Yet another method of selectively forming regions of porous silicon in a semiconductive crystalline matrix is taught in U.S. Pat. No. 6,407,441 (Yuan), which is incorporated herein by reference.

The porous silicon layer formed by one of the methods described above, or other methods now known or later devised, exposes one or more of the four valence bonds on the outer ring of the silicon atoms within the crystalline structure. This exposed valence bond is highly active and will readily accept a hydrogen atom. Since this exposed valence bond will also readily bond to other atoms, such as, for example, oxygen, the etched/porous silicon must be isolated from such other reactive elements and exposed only to hydrogen atoms or hydrogen gas upon completion of the etching process. Thus, until the etched and porous silicon is exposed to the hydrogen gas, the silicon surfaces may be exposed only to inert gases, for example, argon and helium. Thus, during processing the silicon must be contained or enclosed within a controlled environment that precludes exposure to other than inert and/or hydrogen gases.

Porous silicon strikes a favorable balance between having a high surface area and maintaining an open matrix that allows hydrogen gas to diffuse into and out of the matrix. Once the porous silicon has been formed, additional steps can be used to further increase the surface area thereof still further. For example, the porosity etch can be followed with an anisotropic silicon etchant, such as, for example, potassium hydroxide or hydrazine, to expose crystal planes on the silicon nanocrystals. These crystal planes have a high density of dangling bonds, which readily accept termination by an element of hydrogen. Another method by which the surface area of porous silicon can be increased is to roughen the interior surfaces thereof. This can be done through dendritic growth or through etching.

More particularly, as shown in FIGS. 4 and 5, dendritic growth on the inside surfaces 210 of the porous silicon 55/212 creates silicon spikes 214 to which hydrogen atoms can bond, and etching the surfaces 210 of the porous silicon 55/212 creates pits 216 within or adjacent to which additional hydrogen atoms 52 can bond.

The silicon activation energies, i.e., the adsorption and desorption energies of hydrogen on silicon, must also be controlled. This is accomplished through one or more techniques comprising chemical activation, temperature activation, application of electric fields, and photon energy.

Chemical activation may include the electrodeposition of a catalyst, for example, palladium or platinum, onto the silicon surface to facilitate the bonding process. Certain gases, for example, hydrogen chloride, can cleanse the silicon surface, as is well known in the art of integrated circuit fabrication, although such gases are not, in the prior art, applied to porous silicon to increase the adsorption of hydrogen by the silicon.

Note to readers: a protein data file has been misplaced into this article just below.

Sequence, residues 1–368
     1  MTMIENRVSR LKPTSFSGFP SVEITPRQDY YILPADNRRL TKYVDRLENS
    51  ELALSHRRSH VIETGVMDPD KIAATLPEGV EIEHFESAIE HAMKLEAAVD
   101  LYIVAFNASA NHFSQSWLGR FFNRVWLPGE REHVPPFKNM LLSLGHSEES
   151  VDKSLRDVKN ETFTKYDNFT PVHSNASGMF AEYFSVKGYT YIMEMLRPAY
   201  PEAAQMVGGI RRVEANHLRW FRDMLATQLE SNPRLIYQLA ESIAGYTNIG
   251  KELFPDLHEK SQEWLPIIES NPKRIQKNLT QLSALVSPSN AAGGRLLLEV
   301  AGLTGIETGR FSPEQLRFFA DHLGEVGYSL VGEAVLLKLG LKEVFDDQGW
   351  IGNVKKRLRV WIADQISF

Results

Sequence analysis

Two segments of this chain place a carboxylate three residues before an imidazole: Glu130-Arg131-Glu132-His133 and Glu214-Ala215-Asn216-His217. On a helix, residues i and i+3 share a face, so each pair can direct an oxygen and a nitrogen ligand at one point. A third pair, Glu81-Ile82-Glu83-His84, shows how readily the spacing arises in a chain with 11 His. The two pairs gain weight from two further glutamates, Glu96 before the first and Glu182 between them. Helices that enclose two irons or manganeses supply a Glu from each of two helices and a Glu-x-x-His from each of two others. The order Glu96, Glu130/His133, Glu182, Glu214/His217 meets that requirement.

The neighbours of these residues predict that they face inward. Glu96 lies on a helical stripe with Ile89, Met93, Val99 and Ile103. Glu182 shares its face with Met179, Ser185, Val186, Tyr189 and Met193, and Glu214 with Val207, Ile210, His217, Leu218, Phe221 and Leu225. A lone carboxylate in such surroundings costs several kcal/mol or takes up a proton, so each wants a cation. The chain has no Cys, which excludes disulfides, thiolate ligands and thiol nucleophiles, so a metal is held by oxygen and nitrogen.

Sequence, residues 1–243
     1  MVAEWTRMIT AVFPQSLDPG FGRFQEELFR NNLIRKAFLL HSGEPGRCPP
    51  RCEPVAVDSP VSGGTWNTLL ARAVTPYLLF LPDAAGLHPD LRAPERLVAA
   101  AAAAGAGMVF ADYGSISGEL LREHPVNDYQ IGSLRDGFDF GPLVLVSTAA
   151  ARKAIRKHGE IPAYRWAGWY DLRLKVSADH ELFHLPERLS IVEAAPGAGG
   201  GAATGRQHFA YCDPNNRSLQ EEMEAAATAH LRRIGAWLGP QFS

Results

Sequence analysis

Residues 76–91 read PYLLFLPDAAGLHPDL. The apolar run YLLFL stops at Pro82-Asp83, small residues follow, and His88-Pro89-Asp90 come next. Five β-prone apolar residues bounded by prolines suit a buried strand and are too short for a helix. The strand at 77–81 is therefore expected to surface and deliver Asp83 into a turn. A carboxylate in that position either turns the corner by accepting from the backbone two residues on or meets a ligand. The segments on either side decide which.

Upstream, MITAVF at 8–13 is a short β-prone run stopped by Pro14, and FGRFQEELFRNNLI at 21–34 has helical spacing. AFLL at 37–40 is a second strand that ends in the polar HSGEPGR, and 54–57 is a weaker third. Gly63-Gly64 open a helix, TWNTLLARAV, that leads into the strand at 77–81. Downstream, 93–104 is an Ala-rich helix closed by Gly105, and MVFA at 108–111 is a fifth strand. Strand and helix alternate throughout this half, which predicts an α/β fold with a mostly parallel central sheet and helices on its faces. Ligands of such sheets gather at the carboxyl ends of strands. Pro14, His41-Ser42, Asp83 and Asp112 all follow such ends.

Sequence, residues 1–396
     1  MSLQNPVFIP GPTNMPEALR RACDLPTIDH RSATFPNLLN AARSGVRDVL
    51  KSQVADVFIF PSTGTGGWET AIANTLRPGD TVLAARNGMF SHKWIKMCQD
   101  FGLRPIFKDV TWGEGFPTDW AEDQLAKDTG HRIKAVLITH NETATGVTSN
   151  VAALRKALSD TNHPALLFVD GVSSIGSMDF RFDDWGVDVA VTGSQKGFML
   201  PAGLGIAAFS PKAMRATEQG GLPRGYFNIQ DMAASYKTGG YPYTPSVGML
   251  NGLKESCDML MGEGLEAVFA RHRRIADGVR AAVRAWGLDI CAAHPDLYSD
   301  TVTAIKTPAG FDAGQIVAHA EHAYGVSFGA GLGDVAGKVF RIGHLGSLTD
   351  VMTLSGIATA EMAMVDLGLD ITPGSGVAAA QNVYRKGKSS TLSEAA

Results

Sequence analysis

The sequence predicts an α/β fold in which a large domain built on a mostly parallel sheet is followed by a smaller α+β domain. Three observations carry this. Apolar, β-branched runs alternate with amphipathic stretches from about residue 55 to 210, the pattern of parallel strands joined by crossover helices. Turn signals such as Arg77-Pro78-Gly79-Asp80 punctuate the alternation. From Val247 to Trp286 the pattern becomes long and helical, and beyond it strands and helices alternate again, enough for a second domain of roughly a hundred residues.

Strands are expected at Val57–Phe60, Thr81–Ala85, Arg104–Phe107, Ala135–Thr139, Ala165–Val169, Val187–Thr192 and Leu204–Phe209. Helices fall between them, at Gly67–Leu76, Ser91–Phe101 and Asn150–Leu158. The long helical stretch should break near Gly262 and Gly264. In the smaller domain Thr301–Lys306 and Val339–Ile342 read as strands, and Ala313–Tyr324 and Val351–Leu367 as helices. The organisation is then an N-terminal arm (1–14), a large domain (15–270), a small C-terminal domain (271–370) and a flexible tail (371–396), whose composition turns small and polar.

Controlling ambient temperature or the temperature of hydrogen storage members 50 and 150 also affects the activation energies, which follow an Arrhenius law and are thus generally exponential dependent upon temperature. Raising the temperature of the porous silicon of hydrogen storage members 50 and 150 increases the thermal energy of the adsorbed hydrogen therein and tends to cause desorption of the hydrogen which then moves as a gas through the voids in the silicon. Conversely, cooling the porous silicon of hydrogen storage members 50 and 150 reduces the thermal energy of the adsorbed hydrogen and tends to reduce desorption.

The application of an electric field across the porous silicon of hydrogen storage members 50 and 150 also affects the activation energies. By applying a large electric field across the porous silicon, desorption is promoted.

Similarly, photonic energy can be applied to promote desorption. Silicon is relatively transparent to radiation at infra-red wavelengths above approximately 700 nanometers (nm). The hydrogen atom has a very strong absorption peak at approximately 660 nanometers, which falls within the range of silicon transparency. Thus, the desorption rate of hydrogen stored within or bonded to the silicon of hydrogen storage members 50 and 150 may be affected through the application of photonic energy at certain wavelengths and intensities. Light source 14 and/or light-emitting diodes 182 are preferably configured as emitting light or photonic energy having a wavelength of approximately 660 nm, for absorption by the hydrogen atoms to promote desorption of the hydrogen from the silicon surfaces.